A trademark is a sign, mark, or indicator used by an individual, business, or organization to identify a product or service as its own and to distinguish the product or service from those of its competitors. A business name generally can be protected as a trademark under federal and state trademark law.
Trademark law is designed to avoid consumer confusion over the trademarks that businesses or other organizations use in connection with their goods and services. Stated briefly, trademark law makes it unlawful for a business to use a trademark (e.g., a slogan, a logo, a name) in connection with a good or service if that use is confusingly similar to another business's use of a trademark. To see how this works, imagine a consumer - Sally. If Sally buys a Dell computer, she can be pretty sure that the computer was made by Dell Computer and nobody else. She can take Dell's reputation into account without worrying that a knockoff company is making shoddy computers with the Dell logo on them because trademark law prohibits that kind of confusing commercial activity and it gives Dell the right to sue for money damages and an injunction if someone does it.
As a general rule, if someone in a similar field to yours is already using a particular business or organization name, you should not use it, nor should you use a name that would be confusingly similar. Traditionally, there was nothing to prevent someone from using a trademarked name in a completely unrelated field or industry (for instance, Delta Faucet and Delta Airlines) because there was no possibility that consumers would confuse one for the other. However, the emergence of something called "anti-dilution" law means that the owner of a "famous" trademark (it means pretty much what is sounds like) can prevent you from using it even in an unrelated industry. Therefore, it probably would not be a good idea to call a blog "Kodak News" or "McDonald'sBlog," unless your website is actually about Kodak or McDonald's (in which case you should read Using the Trademarks of Others section closely). Traditionally, the law also permitted multiple companies to use a given name in different geographical areas of the country, but the global nature of the Internet breaks down the importance of geographical isolation and makes it more likely that an Internet use of a name or trademark could be confusing regardless of where the brick-and-mortar businesses or organizations are physically located. Thus, you probably want to steer clear of a name that is the same or similar to a name used by someone else in your field, even if that person or organization is located far away from you.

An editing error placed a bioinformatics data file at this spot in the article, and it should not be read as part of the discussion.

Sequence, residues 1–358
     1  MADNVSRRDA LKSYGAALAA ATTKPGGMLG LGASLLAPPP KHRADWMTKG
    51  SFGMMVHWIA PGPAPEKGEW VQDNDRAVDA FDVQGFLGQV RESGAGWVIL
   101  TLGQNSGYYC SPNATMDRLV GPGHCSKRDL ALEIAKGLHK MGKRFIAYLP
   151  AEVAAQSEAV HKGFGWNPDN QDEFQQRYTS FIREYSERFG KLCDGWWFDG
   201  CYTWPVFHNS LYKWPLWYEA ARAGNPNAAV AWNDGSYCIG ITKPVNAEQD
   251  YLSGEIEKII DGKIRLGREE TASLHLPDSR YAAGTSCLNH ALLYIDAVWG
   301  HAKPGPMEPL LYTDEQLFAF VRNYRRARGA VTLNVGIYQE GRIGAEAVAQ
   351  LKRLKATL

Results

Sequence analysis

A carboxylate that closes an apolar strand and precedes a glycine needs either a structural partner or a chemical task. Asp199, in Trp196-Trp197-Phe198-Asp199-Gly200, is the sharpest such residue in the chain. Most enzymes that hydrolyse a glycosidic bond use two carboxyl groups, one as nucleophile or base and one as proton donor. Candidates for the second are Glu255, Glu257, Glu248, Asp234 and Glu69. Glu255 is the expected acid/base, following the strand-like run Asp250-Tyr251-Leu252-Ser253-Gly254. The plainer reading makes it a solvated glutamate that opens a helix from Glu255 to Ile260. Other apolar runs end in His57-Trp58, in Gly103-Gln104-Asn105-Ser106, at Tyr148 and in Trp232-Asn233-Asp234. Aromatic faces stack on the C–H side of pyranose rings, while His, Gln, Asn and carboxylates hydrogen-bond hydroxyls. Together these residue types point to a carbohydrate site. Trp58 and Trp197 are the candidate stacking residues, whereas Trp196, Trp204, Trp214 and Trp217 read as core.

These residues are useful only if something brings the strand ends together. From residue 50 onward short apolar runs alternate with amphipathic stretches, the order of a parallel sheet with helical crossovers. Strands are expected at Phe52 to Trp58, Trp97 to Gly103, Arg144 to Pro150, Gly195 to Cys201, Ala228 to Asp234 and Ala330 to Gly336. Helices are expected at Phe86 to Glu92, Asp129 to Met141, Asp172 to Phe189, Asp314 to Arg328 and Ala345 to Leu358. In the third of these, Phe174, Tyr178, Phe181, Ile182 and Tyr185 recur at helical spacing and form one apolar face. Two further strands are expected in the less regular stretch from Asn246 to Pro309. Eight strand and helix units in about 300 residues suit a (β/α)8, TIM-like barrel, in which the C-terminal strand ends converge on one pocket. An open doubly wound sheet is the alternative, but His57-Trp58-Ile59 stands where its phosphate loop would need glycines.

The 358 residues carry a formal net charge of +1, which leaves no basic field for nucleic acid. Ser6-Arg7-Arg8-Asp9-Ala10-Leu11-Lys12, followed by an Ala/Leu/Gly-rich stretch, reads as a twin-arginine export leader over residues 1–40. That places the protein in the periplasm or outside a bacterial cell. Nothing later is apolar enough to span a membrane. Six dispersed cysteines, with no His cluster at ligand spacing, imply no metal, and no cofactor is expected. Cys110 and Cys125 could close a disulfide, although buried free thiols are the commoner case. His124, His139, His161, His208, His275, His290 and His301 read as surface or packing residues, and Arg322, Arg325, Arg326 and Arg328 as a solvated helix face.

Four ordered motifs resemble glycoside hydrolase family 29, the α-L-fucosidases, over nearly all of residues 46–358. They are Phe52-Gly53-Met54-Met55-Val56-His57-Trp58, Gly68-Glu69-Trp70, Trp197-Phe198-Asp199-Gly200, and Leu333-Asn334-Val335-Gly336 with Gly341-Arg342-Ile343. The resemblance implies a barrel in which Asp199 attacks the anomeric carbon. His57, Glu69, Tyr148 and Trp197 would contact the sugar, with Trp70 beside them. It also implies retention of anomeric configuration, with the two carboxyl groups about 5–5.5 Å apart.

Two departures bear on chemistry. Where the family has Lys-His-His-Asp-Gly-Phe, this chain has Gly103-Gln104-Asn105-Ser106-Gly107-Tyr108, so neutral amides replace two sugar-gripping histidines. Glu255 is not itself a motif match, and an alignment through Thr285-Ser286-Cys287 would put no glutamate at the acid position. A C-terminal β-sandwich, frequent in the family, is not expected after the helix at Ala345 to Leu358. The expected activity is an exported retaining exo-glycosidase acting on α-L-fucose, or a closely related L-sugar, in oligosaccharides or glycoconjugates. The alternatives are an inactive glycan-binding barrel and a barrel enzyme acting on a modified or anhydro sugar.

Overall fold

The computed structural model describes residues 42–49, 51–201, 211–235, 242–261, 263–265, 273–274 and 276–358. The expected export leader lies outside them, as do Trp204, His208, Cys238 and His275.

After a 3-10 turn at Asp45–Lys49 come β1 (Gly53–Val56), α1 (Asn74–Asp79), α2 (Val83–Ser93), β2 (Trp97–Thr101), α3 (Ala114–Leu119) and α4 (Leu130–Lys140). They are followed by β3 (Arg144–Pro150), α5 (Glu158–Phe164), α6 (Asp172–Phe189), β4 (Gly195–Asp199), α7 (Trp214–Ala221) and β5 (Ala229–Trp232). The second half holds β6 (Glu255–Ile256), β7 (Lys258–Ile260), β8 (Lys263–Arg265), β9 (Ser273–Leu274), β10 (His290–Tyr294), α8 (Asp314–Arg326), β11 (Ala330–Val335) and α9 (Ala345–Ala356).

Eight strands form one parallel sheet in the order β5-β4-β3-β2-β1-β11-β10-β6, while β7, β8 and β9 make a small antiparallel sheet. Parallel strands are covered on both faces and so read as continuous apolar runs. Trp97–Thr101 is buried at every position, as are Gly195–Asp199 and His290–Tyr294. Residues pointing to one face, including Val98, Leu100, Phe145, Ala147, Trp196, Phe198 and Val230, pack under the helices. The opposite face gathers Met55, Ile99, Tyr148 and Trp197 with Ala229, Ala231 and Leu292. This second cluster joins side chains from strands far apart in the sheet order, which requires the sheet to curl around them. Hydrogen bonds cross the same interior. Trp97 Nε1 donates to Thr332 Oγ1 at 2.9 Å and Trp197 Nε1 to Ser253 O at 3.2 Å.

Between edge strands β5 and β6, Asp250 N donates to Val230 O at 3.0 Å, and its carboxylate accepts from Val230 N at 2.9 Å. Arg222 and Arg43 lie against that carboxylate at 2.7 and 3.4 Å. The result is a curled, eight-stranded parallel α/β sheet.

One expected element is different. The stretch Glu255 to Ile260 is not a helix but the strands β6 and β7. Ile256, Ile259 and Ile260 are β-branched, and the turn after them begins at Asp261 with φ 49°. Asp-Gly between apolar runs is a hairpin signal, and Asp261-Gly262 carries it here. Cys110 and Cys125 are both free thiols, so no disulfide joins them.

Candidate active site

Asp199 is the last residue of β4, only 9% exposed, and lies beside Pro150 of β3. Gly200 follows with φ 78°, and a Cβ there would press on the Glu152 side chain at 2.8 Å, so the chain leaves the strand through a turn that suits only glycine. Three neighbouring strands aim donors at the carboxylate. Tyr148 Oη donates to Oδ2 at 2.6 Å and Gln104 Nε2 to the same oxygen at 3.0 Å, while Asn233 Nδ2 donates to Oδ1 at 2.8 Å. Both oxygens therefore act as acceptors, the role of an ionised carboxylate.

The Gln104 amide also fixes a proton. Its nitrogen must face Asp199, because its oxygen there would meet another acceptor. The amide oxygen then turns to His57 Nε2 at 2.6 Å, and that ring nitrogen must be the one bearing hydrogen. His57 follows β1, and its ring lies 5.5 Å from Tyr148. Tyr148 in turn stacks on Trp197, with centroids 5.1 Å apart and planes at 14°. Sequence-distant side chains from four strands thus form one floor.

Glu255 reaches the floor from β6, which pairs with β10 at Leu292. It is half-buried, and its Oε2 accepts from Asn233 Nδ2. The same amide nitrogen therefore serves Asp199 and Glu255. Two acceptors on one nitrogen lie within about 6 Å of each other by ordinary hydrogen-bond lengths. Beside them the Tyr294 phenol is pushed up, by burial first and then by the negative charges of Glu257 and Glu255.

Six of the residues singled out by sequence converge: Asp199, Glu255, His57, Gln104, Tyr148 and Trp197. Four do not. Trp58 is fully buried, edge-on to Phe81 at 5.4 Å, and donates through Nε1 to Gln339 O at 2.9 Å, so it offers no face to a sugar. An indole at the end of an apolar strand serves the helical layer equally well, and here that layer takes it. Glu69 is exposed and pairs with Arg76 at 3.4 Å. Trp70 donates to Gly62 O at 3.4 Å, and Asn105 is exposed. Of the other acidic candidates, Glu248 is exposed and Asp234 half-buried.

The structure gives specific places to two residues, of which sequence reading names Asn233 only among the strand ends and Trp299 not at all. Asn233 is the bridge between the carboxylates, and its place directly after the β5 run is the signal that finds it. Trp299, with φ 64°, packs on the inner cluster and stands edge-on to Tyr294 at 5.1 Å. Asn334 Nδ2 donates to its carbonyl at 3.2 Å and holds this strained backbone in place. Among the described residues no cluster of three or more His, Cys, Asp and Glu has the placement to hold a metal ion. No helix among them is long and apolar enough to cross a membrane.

The process of naming your business and securing trademark rights can be summarized in three basic points:
- Choose a name for your business. It should be distinctive, not generic, and should not be close to the name of anyone in a similar business. For details, please see the Naming Your Business: Choosing A Name Capable of Trademark Protection section.
- Search for others using your chosen name or similar ones. You should search the Internet and federal and state trademark databases, at the very least. You should not use the name if someone in your field or a similar one is using it. You may be able to use the name if someone in an unrelated field is using it, but you should try not to use similar logos, styles, or colors. For details, please see the Naming Your Business: Searching for Trademarks of Others section.
- Consider registering your chosen business name as a trademark. Registering a state and/or federal trademark has advantages. It is relatively cheap and easy to register a state trademark. Federal registration is more costly, but it is worth considering because of its nationwide effect. For details, please see the Securing Trademark Rights: Ownership and Federal Registration section.